Businesses built around controlling eyeballs run fundamentally counter to the nature of social, the nature of the Internet. Social is connecting, sharing, repurposing – the one thing it is not is controlling. But this does not mean successful businesses cannot be built on the web. It means we need to rethink how we build them. David Weinberger, one of the authors of The Cluetrain Manifesto, offers the following in his book Everything is Miscellaneous:
“The commoditization of knowledge enables greater value to be built from it, just as commoditized nails and lumber let us build better family homes for more people. But now more than ever, knowledge’s value will come from the understanding it enables.
And since the commoditization of knowledge includes its easy accessibility, business loses one of its traditional assets. Information may not want to be free, in Stewart Brand’s memorable phrase, but it sure wants to be dirt cheap. The good news for customers is that miscellanized, commoditized knowledge sparks competition and innovation. The good news for businesses is that they can focus on providing the goods and services that are at the heart of their value.”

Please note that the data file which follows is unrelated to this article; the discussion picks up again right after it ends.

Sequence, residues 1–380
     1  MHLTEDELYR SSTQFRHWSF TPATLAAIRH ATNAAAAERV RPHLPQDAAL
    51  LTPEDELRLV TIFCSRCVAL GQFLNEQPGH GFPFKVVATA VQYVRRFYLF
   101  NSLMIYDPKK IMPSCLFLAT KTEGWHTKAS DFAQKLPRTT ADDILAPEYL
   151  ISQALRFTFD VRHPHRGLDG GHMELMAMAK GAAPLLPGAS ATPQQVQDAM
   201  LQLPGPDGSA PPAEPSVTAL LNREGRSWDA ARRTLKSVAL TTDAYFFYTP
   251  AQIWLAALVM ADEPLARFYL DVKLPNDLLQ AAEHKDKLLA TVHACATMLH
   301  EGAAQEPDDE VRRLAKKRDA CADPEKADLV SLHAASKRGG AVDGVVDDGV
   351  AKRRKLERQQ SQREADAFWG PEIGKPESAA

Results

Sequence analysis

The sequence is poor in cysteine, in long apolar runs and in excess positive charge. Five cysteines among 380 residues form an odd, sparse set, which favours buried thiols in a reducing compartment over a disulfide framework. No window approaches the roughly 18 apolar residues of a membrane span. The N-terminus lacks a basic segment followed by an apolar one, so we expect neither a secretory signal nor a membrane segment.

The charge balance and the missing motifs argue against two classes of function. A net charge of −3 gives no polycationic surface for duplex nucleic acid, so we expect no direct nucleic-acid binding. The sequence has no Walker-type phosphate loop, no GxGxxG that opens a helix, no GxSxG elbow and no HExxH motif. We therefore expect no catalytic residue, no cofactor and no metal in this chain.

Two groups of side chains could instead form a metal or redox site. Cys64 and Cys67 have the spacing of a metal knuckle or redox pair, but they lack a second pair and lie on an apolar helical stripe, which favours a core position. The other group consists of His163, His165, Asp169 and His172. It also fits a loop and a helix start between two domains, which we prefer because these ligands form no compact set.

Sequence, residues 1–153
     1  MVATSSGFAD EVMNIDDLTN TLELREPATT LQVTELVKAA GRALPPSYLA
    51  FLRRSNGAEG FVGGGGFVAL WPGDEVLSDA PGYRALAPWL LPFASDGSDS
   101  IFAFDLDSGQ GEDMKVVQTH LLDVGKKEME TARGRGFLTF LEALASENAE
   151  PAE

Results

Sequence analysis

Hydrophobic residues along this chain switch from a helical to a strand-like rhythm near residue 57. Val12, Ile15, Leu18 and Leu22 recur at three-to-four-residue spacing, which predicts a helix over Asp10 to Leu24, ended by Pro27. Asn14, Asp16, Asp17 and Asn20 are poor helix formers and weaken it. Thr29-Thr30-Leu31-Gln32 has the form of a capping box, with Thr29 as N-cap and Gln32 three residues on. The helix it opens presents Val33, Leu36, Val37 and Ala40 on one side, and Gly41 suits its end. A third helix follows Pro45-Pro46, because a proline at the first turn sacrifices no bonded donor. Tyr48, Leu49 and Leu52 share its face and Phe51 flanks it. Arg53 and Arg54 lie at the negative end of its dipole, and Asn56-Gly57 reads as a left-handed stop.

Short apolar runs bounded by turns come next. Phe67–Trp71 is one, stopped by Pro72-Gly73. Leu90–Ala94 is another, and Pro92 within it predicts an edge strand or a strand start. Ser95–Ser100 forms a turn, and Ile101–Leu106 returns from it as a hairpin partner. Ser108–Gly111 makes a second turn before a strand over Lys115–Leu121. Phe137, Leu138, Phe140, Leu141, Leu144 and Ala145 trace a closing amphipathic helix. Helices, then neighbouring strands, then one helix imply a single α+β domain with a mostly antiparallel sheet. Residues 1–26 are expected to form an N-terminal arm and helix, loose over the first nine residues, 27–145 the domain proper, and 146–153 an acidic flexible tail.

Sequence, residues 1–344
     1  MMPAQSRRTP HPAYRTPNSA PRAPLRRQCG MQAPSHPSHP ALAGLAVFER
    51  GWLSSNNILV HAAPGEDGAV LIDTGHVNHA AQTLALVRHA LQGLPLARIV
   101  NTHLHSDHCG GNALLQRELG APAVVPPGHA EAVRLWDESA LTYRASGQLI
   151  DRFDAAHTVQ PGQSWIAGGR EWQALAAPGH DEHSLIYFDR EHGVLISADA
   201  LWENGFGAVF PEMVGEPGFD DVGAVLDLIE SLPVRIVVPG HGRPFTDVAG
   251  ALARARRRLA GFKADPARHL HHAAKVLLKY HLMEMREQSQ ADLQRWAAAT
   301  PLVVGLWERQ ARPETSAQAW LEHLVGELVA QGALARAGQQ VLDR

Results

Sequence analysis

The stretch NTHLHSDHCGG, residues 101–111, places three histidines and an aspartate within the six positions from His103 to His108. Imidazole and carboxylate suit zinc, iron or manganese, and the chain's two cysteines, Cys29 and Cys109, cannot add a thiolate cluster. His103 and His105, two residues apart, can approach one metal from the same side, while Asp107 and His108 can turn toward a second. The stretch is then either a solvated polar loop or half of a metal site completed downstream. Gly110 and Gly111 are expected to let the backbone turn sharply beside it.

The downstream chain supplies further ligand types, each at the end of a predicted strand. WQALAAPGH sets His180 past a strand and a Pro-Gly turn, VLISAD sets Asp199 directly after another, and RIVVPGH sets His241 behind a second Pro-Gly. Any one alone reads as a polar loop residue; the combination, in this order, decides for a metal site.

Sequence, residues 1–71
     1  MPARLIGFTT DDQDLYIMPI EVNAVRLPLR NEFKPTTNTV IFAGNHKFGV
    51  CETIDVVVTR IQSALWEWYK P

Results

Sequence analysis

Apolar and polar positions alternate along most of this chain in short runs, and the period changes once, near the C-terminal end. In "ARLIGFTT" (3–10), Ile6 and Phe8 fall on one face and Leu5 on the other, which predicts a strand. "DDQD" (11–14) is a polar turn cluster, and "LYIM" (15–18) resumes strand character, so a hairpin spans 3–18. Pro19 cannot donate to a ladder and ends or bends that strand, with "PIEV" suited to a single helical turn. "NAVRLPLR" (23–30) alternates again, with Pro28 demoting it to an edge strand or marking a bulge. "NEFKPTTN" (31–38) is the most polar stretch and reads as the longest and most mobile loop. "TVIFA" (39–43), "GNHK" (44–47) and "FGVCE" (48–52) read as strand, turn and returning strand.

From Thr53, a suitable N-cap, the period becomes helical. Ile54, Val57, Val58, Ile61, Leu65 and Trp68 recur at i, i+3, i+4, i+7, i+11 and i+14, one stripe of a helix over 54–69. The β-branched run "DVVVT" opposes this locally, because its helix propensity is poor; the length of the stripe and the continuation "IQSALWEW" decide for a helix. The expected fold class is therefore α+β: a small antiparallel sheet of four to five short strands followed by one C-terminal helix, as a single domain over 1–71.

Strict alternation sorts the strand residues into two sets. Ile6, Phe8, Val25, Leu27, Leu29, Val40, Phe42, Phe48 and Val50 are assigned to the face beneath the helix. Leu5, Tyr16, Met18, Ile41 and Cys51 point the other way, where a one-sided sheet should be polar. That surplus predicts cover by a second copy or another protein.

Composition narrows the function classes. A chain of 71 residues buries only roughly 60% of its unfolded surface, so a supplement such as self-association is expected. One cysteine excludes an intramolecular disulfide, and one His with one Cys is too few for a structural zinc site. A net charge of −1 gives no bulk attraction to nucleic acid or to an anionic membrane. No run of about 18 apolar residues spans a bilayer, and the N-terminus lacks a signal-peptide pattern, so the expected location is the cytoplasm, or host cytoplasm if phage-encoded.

It is Time for a Social Web OS
It is time for us to take what we’ve learned from years of building and using social software, suss out the common elements, identify the common weaknesses and lay down a new layer of Internet infrastructure designed from the ground up to support a new generation of social services. In programmer speak, it’s time for us to refactor.
This new layer requires three things: standards, frameworks and platforms. Now, everyone has different definitions of these terms so I’ll clarify mine. In this context standards provide agreed upon specifications for how data is defined and structured, frameworks provide methodology for storing, manipulating and distributing data, and platforms provide infrastructure for implementing frameworks.